Just, Ward 1935–
Just, an American, writes novels of politics. (See also Contemporary Authors, Vols. 25-28.)
[The Congressman Who Loved Flaubert and Other Washington Stories], modest though it is, constitutes perhaps the one intrinsically successful work of fiction about our capital city. It might, drably but accurately, have been called Government, a thought I offer only because I am anxious to see this book replace that old dog Democracy as the standard fictional text about Washington. If Democracy ever had anything going for it, besides the Adams name, it was only a certain sense of subject. Henry Adams was too perceptive a man not to know where the game was to be found, but he was not a novelist, and all he could really do with the game was locate it.
Ward Just has done more. There are only nine stories in the collection, but they are expertly spread and highly focused….
It is not easy to integrate a body of stories, which will have been written at various times, in varying moods, about a diversity of subjects. Just transcends this problem, and does it essentially through tone: the collection as a whole has an impact far greater than even the best of the stories would have, taken alone.
Indeed, it is the controlled, informed, but always impersonal tone of the prose which makes this book the triumph that it is. Many books have been written about Washington, some of them by fine writers. Many of them have been excellent in detail, but all of them have failed, it seems to me, to convey the ambiance of the city. I suspect these failures have something to do with the nature of political narrative itself, with its constant tendency to shade into melodrama. Yet the ambiance of Washington is not passion and melodrama; it is, first and last, control and impersonality. In these tones, or tones very like them, life is lived here, and decisions made, and a nation governed, more or less. Of course, high dramas occur and the passions that go with ambition come into play constantly, but the tones of these passions and dramas seem to vanish almost as they are uttered; they do not, I think, permeate the lives of the secretariat. The antecedent to the tone which Just has employed is the tone of the Michigan stories of Ernest Hemingway; applying it to Washington was a highly effective choice because it is the perfect tone with which to dramatize the kind of inhibitions of spirit which the bureaucratic life requires.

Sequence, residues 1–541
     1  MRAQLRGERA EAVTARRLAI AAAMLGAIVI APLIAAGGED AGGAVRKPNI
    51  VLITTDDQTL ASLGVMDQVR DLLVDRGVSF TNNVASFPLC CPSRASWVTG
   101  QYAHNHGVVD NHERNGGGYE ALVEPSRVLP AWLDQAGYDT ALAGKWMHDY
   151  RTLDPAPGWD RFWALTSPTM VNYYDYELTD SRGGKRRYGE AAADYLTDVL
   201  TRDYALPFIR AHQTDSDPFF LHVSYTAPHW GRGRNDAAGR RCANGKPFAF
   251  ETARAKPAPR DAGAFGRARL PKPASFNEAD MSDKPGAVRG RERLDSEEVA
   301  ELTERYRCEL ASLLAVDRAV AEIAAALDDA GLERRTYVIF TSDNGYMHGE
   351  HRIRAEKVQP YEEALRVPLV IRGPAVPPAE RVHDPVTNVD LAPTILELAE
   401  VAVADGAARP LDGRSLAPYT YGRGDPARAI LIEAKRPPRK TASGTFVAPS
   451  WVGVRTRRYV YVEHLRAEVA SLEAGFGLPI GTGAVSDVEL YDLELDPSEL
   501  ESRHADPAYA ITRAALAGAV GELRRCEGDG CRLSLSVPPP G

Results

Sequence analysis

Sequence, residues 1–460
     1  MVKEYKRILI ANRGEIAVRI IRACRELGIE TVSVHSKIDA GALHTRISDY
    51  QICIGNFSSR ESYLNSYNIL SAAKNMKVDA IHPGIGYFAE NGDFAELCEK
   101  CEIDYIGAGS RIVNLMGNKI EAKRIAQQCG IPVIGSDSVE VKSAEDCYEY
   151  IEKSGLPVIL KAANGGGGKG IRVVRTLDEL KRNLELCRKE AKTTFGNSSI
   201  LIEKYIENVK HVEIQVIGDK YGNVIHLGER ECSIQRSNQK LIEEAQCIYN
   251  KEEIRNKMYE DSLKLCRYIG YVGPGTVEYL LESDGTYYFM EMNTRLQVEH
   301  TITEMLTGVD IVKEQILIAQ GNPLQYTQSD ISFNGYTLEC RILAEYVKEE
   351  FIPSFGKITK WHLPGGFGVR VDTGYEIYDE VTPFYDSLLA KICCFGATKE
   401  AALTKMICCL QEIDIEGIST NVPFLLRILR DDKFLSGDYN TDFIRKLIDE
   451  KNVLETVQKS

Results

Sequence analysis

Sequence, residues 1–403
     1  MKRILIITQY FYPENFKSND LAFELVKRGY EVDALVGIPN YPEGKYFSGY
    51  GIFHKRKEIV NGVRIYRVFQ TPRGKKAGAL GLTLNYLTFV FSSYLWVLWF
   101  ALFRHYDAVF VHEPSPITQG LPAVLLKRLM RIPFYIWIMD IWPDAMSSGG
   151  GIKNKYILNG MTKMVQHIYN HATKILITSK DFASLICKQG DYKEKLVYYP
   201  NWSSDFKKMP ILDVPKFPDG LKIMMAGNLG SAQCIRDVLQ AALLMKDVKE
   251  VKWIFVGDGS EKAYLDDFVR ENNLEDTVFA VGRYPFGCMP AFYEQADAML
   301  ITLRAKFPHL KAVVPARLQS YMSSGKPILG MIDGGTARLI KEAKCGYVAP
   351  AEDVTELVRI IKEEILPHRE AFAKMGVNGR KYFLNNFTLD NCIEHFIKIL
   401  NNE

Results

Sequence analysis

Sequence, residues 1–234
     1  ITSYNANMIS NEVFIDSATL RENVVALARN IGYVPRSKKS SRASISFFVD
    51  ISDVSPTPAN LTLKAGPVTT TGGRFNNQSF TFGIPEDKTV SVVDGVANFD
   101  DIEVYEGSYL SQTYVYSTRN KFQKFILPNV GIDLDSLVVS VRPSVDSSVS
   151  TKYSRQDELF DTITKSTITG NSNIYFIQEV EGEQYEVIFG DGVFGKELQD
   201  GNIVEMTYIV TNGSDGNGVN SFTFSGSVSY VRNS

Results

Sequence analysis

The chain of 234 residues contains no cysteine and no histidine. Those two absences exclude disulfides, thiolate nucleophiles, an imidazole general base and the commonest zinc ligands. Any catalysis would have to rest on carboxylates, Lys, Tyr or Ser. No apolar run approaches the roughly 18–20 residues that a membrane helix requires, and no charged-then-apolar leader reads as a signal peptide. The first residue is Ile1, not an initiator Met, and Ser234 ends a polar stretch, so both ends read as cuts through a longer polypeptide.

Larry McMurtry, "Just So Stories," in Book World—The Washington Post (© The Washington Post), July 22, 1973, p. 3.
Just is an admirer of Ernest Hemingway, and there is something of the tone of the early Hemingway stories in "The Congressman Who Loved Flaubert." The nine stories are polished, sophisticated, understated and possessed of near-perfect dialogue and absolute authenticity. Each fact stated suggests 10 facts known but unstated—Hemingway's tip-of-the-iceberg theory of writing. But the analogy should not be pushed too far, for Hemingway was drawn to external dramas—hunting, boxing, skiing, war—and Just writes of the more muted, internal dramas of political life. Hearts break in Just's stories, but no blood is shed….
Violence and sex are always offstage. A bloody coup in Africa is seen through the indifferent eyes of a desk-bound C.I.A. bureaucrat in Washington. The Vietnam war touches an ambitious Congressman only when a visiting schoolgirl whispers that her brother died there. A Vietnam war hero tries to explain to an interviewer what it was like to kill but can't find the words. Public men prove to be private men, their dramas as secret as cancer.
Patrick Anderson, in The New York Times Book Review (© 1973 by The New York Times Company; reprinted by permission), August 26, 1973, p. 22.
To say that Stringer is one of the best novels to come out of Vietnam may seem a limited compliment, but at its best the book is very good indeed….
The novel deals with a number of themes, but chief among them seems to me the debilitating effect of...
(The entire section is 1,624 words.)